We are also recommending that governments recognize veterinary services as “essential services,” allowing veterinarians to stay open and tend to emergencies under strict protocols that follow the recommended social distancing. Some cities that are under complete lockdown have already adopted this measure.
Through our network of local organizations in countries around the world, we are providing accurate and up-to-date information, tips, and recommendations for governments, shelters, veterinarians, pet owners and the community at large. We seek to prevent the abandonment of pets by providing people the information they need to make accurate decisions regarding the care of their pets.
How can I be preparing to take care of my pet?
In the event of a crisis or disaster, we urge everyone to have a disaster preparedness plan in place. And, get the word out! Remind community members that having a plan for pets is critical; individuals who become sick or require hospitalization will need to have someone to take their animals. If you can, please endure the current situation from the safety of your own home.
Some steps to take include:
- Identify a family member or friend who can care for pets if someone in the household becomes too ill to do so.
- Have crates, food and extra supplies on hand that can last a minimum of two weeks.
- Have your animal’s vaccine record on hand, and if your dog or cat needs special assistance such as taking medication, write it down.
- Pets should have proper identification, such as a collar with ID tag and a phone number.
Can my pet get COVID-19?
People confirmed to have COVID-19 (or who are symptomatic or believe themselves to have been exposed) should avoid contact with other people as well as with pets, avoiding not only all contact but also sharing any food. If a sick person must care for animals during their illness, it’s important they practice good hygiene; they should wash their hands before and after any interactions with their pet. For more information, see the Center for Disease Control and Prevention’s guidelines.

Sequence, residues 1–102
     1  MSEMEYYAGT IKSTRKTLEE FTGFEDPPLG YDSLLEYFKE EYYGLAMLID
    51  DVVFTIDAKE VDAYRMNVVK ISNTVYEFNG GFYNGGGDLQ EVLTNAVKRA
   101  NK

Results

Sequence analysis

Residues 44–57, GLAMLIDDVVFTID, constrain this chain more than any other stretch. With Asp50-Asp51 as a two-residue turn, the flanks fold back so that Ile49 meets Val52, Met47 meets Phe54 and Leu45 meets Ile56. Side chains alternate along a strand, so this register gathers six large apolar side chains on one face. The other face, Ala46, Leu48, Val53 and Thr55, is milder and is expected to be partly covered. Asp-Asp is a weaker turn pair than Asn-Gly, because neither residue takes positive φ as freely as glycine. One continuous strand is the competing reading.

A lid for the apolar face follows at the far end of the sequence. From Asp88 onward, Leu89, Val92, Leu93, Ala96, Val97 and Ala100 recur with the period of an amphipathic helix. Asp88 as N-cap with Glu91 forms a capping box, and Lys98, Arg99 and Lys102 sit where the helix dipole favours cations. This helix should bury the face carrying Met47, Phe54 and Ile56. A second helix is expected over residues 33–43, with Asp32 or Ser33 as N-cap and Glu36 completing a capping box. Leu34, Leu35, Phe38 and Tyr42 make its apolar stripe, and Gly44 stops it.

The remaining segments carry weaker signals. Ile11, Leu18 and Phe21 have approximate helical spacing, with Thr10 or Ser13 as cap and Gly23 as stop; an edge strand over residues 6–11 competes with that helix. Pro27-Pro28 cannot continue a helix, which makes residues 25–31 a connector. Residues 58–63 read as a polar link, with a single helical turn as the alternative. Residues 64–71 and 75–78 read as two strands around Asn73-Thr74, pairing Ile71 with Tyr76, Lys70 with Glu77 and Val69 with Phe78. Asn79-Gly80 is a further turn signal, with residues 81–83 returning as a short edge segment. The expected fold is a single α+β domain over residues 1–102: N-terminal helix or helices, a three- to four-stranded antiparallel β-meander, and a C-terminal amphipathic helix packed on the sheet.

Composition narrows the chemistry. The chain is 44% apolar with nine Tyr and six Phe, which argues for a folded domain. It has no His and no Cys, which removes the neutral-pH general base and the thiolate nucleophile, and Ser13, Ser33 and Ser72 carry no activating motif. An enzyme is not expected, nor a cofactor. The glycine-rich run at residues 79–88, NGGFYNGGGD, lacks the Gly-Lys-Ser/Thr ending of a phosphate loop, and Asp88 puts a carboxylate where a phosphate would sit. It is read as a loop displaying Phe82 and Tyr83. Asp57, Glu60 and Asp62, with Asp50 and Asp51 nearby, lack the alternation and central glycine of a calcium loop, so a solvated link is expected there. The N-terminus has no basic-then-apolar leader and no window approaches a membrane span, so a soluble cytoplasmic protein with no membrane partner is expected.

The CDC and the World Organisation for Animal Health have issued advisories saying there is no evidence at this time that companion animals can spread the COVID-19 virus to people. On a related note, in early April, the Bronx Zoo confirmed that several of its big cats became ill and one of its tigers tested positive for the virus, likely after being exposed to a zoo employee who was shedding the virus.
The WSAVA (World Small Animal Veterinary Association) Global Veterinary Community—an association representing more than 200,000 veterinarians—also states that the evidence strongly indicates that COVID-19 cannot be contracted from pets. The association does, however, caution that there is still much we don’t know and updates will be provided as new information becomes available.
Dr. Gail Hansen, DVM, MPH of our affiliate the Humane Society Veterinary Medical Association, said, “At this time, we do not have evidence that pets can get or spread COVID-19, although it is always good for people to practice careful handwashing after handling your pet and after picking up and disposing pet waste. When possible, have another member of your household care for your animals while you are sick, so you and your pet can get the best care.”
Watch a podcast about “Coronavirus and your pets” with HSUS Director of Shelter Outreach Kim Alboum.
The coronavirus (COVID-19) has introduced a good deal of uncertainty into our lives, but being prepared can make a world of difference. Watch the video below to hear a veterinarian answer questions about pets and the coronavirus.
Source: Humane Society International / Global